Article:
A loan agreement in the amount of US$35 million for the Mano River Union (MRU) Road Development and Transport Program (MRU/RDTFP) has been sent to the Senate for ratification. According to a letter from President Ellen Johnson Sirleaf dated July 14, the loan agreement signed between the government and the African Development Fund, is meant to provide additional funds for the foreign currency and part of the local currency costs of the program. President Sirleaf said the program is a multinational project involving three countries, La Cote d’Ivoire, Guinea and Liberia, adding that, “The executing agencies under the loan agreement are the Ministry of Public Works and the Economic Community of West African States (ECOWAS) in consultation with the MRU General Secretariat.”Regarding the breakdown of the loan, President Sirleaf said the maximum commitment charge rate payable by the government on the undisbursed portion of the loan “shall begin to accrue 120 days after the date of the signature of this agreement and shall be one half of one percent (0.5 percent) per annum, while the service charge payable on the principal amount of the loan disbursed and outstanding amount shall be three quarters of one per cent (0.75) per annum; while payment dates are April 15 or October 15 in each year.”The terms of the agreement, according to the letter before Senate plenary, is a period of 30 years after a 10 year grace period commencing from the date of the agreement, at the rate of two percent of the principal per annum from the 11th to the 20th year inclusive and at the rate of four percent of the principal per annum thereafter. In a related development, the Senate yesterday voted unanimously to concur with the House of Representatives in ratifying a loan agreement between Liberia and the OPEC Fund for International Development (OFID), which will be used for upgrading the Gbarnga-Salayea Road. In a separate letter also received by the Senate, President Sirleaf submitted for ratification an instrument called, “The Consolidated Lease and Management Agreement for the Liberia Petroleum Refining Company (LPRC) Crude Storage Facility” between the LPRC and Conex Petroleum Group Incorporated, entered into on the February 27, 2014. According to President Sirleaf, the LPRC has leased her rights within the parameters of the National Port Authority (NPA), where it has a crude storage terminal, but that the “facility has not been operational and has been dormant due to corrosion, long years of civil conflicts and other factors for about three decades.”Under the agreement, LPRC leased to Conex Petroleum Group the LPRC Crude Storage Terminal (CST) on a “as is where is” basis; and the agreement is for a 20 year period certain with an option for extension for additional 20 years under terms and conditions to be agreed upon. “Conex Petroleum is to rehabilitate, refurbish, upgrade and reconstruct the Crude Storage Facility.” “In view of government’s commitment to promote private sector participation for maximum productivity and revenue generation, I request your timely ratification…” the President wrote.Share this:Click to share on Twitter (Opens in new window)Click to share on Facebook (Opens in new window)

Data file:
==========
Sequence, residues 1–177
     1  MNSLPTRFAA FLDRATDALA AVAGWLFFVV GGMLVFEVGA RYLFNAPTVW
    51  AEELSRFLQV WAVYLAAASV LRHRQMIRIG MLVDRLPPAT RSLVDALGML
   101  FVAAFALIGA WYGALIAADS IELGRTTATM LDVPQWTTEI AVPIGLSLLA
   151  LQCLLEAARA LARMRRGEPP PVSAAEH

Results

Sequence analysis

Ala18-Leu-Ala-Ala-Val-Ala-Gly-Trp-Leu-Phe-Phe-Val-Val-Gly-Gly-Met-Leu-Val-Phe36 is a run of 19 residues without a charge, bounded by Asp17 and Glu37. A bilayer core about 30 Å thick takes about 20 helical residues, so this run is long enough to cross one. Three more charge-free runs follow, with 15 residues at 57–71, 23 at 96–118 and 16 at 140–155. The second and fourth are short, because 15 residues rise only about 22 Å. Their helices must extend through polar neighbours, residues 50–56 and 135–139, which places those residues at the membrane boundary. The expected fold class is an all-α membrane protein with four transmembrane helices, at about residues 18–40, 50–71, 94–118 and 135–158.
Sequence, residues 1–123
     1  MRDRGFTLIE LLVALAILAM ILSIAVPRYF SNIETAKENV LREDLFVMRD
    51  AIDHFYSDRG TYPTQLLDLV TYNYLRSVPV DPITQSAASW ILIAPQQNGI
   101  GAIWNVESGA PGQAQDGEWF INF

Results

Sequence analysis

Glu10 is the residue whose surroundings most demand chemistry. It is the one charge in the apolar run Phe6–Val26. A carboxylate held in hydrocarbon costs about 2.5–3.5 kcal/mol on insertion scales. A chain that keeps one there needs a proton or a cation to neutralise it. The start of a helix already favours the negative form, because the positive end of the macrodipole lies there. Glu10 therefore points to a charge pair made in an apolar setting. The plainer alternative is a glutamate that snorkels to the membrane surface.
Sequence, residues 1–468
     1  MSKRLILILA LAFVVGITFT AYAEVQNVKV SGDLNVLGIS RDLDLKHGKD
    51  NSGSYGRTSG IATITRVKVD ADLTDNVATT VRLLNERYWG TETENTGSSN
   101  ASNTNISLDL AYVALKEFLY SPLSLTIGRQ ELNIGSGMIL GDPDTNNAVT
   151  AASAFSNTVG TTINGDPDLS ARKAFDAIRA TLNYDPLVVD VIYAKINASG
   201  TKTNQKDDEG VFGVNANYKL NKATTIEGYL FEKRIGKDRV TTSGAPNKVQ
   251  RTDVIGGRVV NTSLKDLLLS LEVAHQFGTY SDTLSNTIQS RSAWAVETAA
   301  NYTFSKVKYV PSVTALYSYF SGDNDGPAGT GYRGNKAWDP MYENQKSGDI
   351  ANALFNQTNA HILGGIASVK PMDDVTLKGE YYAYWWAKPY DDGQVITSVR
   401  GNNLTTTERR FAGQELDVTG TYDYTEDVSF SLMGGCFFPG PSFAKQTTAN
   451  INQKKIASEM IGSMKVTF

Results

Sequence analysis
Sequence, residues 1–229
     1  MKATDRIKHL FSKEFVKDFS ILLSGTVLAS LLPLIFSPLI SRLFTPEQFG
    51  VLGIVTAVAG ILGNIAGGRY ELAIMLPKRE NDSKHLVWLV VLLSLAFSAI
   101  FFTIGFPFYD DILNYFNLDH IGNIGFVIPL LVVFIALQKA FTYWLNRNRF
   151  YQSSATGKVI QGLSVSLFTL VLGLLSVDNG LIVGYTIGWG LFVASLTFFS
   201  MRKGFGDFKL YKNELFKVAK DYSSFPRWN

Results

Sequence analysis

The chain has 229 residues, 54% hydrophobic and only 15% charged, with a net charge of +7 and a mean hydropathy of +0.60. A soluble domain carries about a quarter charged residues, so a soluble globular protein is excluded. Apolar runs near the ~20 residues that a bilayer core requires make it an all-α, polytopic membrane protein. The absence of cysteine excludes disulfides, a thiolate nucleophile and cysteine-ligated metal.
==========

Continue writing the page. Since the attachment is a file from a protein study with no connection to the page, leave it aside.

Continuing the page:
Australia’s selectors endured a barrage of criticism for a trio of surprising picks in the Ashes squad but the hosts’ dominant 10-wicket win over England in the series-opener at the Gabba may have left them feeling more than a little vindicated.The selection of opener Cameron Bancroft, wicketkeeper Tim Paine and number six Shaun Marsh all looked to have backfired early in the series-opener but all three finished strongly in Brisbane to help Australia to victory and boost their confidence ahead of the second Test in Adelaide starting on Saturday.Having replaced hometown favourite Matt Renshaw, Western Australian Bancroft had a nervous start to his Test debut at the Gabba and was out for five after fishing at a Stuart Broad delivery in the first innings.The 25-year-old batted superbly in his second chance, however, putting on a record unbeaten opening partnership in a successful fourth-innings victory chase with David Warner, as they mowed down the 170-run target.Bancroft’s 82 was also the highest score by an Australian debutant in a fourth innings, replacing Norm O’Neil’s 71 from 1958.He later endeared himself to the Australian media with his humorous account of being “headbutted” in a “weird” greeting by England wicketkeeper Jonny Bairstow at a Perth nightspot after the tourists’ arrival Down Under.The decision to bring in Paine for Matthew Wade left plenty bewildered, given he was not even keeping for state side Tasmania in the Sheffield Shield when he was recalled for his first Test in seven years.Paine’s first day at the Gabba was largely forgettable as he grassed a nick behind from England number three James Vince off the bowling of spinner Nathan Lyon.advertisementHe recovered well, however, with smart work to stump all-rounder Moeen Ali on day four, a wicket that triggered a middle order collapse and hastened England’s dismissal for 195.Marsh’s selection saw spin bowling all-rounder Glenn Maxwell discarded and the Western Australian batsman had a nightmare start to his eighth recall in Tests.He clattered into pace spearhead Mitchell Starc in a fielding mishap, a clash that gave the Gabba crowd a scare when the bowler came off for treatment with a hole in his trousers and a cut on his knee.At the time, Maxwell was well on the way to a maiden double-century for Victoria in the Sheffield Shield.The 34-year-old Marsh later dropped a very easy catch in the deep and was under huge scrutiny when he joined captain Steve Smith in the middle with their team teetering at 76 for four in their first innings.Marsh survived a number of nervy play-and-misses but remained to score 51, his eighth half-century, in a crucial 99-run stand with Smith that dug Australia out of trouble.